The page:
Montenegro. 8. 1917

*A telegram to the Allies about Montenegro’s strategy for the remainder of the war from the president of Montenegro*

As you all know, we are a small country with limited manpower. The battle we helped fight in Serbia has left our forces very weak and depleted. We feel that it’s in our best interest to not aid in any other engagements to ensure that we have all the help we can get in case of attack on our homeland. However, we are willing to help the allies in any other ways possible like allowing them to send troops through our country to attack. Let it be known that we still have the allies best interests at heart and will fight if truly needed, but for now we must regroup so we have at least some defense. We apologize for any inconveniences this may have caused.

Signed, President of Montenegro 

Greece. 8. 1917

*The President of Greece addressing his people about his decision on their position in the war*

My people. I know that some of us may have different views about our stance in this great war, but there comes a time where we need to pick a side. We can no longer stand by and watch as the Allies, who supported our independence, fight on our behalf and sacrifice their people for the greater good of everyone. We no longer have to worry about attacks from Bulgaria, for the Serbians have taken control of it in Bulgaria’s defeat in their failed attempt to support the Ottoman Empire. I know some of you may be scared, you wouldn’t be human if you weren’t. We must remember our roots and fight like our lives, and the lives of our loved ones depend on it. Because they do. Just like the 300 Spartans did against the colossal Persian army so long ago. That being said, I have dispatched our entire army to Serbia in hopes of aiding them along with the Allied armies to hold the line against a possible attack from Austria-Hungary. This may sound like a bad decision but with the coup in Germany it means that Austria-Hungary is in command of the entire German army as well as their own. It’s all or nothing at this point. If we lose, we go down with honor just like our ancestors. If we win, we celebrate like there is no tomorrow knowing we lived up to our reputation. As Alexander the Great once said “There is nothing impossible to him who will try.” Not only do we intend to try, we intend to succeed. Thank you, and may the might of Zeus shine down and aid us through this troubling time.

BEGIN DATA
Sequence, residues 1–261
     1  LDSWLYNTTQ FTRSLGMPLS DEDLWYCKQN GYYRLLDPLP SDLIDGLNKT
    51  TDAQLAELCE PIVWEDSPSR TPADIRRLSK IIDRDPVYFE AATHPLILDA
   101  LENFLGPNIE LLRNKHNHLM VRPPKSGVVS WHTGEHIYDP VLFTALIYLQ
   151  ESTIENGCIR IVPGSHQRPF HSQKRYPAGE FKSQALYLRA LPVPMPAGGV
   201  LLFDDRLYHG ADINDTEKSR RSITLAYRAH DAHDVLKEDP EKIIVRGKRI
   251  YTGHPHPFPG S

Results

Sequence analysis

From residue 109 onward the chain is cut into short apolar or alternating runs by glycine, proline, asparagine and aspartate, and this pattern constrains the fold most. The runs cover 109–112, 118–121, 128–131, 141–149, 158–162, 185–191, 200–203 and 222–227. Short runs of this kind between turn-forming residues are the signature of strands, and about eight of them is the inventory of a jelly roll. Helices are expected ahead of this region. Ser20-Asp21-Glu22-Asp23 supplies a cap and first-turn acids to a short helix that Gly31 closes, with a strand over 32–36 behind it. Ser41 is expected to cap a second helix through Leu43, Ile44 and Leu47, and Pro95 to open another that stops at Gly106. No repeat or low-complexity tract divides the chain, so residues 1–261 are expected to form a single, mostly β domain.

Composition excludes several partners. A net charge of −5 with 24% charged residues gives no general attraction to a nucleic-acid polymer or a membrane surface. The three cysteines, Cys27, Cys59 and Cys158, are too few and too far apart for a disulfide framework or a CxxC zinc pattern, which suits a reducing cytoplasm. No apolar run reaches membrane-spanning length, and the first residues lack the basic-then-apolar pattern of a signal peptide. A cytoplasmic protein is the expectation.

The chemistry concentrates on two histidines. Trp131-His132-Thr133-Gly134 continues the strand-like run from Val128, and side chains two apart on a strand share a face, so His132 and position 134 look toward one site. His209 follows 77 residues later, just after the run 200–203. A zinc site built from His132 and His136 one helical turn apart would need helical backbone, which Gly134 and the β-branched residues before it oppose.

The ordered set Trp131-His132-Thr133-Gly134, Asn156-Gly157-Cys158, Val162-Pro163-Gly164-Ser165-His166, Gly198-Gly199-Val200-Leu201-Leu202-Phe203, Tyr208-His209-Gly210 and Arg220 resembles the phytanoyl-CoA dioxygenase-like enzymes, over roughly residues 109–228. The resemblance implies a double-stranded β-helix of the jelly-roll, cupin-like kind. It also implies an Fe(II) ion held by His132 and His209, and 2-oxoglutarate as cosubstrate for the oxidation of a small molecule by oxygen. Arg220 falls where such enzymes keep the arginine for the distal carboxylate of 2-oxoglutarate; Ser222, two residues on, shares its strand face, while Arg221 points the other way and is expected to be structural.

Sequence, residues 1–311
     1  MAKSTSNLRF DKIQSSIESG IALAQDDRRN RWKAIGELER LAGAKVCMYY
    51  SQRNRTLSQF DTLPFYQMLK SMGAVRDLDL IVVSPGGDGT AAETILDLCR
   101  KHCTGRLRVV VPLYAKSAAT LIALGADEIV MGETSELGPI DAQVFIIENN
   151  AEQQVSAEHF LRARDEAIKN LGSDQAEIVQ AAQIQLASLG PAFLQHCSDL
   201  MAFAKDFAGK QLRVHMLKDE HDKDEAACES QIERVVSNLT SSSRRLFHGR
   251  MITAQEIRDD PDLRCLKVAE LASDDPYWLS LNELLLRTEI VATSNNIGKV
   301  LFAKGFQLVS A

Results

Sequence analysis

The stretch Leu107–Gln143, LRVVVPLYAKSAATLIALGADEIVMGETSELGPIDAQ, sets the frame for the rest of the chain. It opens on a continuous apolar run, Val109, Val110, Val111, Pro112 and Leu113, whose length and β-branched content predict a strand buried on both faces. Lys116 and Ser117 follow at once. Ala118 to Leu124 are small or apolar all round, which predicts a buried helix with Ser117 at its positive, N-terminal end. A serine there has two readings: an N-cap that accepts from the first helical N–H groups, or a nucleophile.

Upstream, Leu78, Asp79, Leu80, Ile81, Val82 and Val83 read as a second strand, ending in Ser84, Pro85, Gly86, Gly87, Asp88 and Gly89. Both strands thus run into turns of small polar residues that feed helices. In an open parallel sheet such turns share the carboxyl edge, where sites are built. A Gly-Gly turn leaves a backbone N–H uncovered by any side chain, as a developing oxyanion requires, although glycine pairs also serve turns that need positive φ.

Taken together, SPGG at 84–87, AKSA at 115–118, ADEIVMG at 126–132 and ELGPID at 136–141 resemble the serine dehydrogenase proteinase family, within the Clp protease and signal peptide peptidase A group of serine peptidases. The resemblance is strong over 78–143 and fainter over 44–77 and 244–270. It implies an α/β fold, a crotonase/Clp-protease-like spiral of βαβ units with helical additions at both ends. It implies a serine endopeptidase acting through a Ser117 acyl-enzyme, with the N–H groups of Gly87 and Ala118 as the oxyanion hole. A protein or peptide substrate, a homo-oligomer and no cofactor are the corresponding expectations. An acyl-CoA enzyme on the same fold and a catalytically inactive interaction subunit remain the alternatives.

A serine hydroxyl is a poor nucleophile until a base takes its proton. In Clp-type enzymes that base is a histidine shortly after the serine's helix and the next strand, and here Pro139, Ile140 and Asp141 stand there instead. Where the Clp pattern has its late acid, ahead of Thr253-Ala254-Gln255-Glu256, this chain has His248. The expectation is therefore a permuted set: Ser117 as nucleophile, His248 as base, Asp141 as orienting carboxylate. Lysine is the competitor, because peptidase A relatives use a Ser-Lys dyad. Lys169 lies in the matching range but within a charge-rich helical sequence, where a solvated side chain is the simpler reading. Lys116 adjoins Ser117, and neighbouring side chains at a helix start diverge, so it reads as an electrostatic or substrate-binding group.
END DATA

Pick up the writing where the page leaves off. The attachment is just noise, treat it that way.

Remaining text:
Serbia. 8. 1918.

* The Serbian president is allowed to address his people one last time at gunpoint from a soldier of Austro-Hungarian army*

“My people, I want to first thank you all who put me into office. It has been a pleasure to lead you in before and during this time. My only regret is that our men and Greeces men were not enough to hold down our precious homeland. I want you all to hold on longer, i’m sure in time there will be a day where we will gain our freedom once again and be free from the control of these Austro-Hungarian pigs!”

*He gets hit on the back of the head with the soldiers rifle and is shot*

Montenegro. 8. 1918.

* The president of Montenegro addressing his people about what happened in the final days of the war*

“Ladies and Gentlemen, I have some terrible news to share with you. My friend, the leader of Serbia, was shot after Austro-Hungarian forces took over the capital and the whole country. He was the one who pioneered our goal of uniting all of or Slavic brothers and sisters that yearned to be whole again. However, his efforts will not go unnoticed, in these final years of the war he managed to unite Greece with us. He accomplished our goal partially, but it was up to us to finish it. We could not, we didn’t have the manpower, for that I am sad. But we must celebrate what we have achieved and be thankful that we have not suffered the same fate as Serbia.”

Greece. 8. 1918

*The Greek president addressing his people about the loss of their army in Serbia*

“I know what you’re all thinking. Why did we send our whole army to defend a neighboring country when we could defend ourselves now?” I have come to the conclusion that if we had not put our full efforts into the cause of uniting our Slavic people that we may have never done it at all. However, we tried. Like I said last year as we were joining the war, we would die with honor as or ancestors did long ago. Every single one of those soldiers died with honor and made their ancestors proud. We gave it our best effort but it simply was not meant to be. My condolences go out to the families of the soldiers who laid down their lives for our cause. I thank you all and for your time and God bless.